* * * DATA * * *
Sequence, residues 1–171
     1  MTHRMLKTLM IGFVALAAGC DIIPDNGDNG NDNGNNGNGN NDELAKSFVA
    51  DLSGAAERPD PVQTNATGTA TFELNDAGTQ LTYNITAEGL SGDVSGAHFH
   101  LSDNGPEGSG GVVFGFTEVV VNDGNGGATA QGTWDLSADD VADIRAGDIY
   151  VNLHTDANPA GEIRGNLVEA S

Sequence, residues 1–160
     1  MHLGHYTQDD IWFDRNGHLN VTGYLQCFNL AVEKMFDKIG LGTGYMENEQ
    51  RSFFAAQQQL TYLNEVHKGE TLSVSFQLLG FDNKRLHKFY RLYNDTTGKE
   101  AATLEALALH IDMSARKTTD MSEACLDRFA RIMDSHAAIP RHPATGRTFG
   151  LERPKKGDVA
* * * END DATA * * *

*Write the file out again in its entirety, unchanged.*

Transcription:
Sequence, residues 1–171
     1  MTHRMLKTLM IGFVALAAGC DIIPDNGDNG NDNGNNGNGN NDELAKSFVA
    51  DLSGAAERPD PVQTNATGTA TFELNDAGTQ LTYNITAEGL SGDVSGAHFH
   101  LSDNGPEGSG GVVFGFTEVV VNDGNGGATA QGTWDLSADD VADIRAGDIY
   151  VNLHTDANPA GEIRGNLVEA S

Sequence, residues 1–160
     1  MHLGHYTQDD IWFDRNGHLN VTGYLQCFNL AVEKMFDKIG LGTGYMENEQ
    51  RSFFAAQQQL TYLNEVHKGE TLSVSFQLLG FDNKRLHKFY RLYNDTTGKE
   101  AATLEALALH IDMSARKTTD MSEACLDRFA RIMDSHAAIP RHPATGRTFG
   151  LERPKKGDVA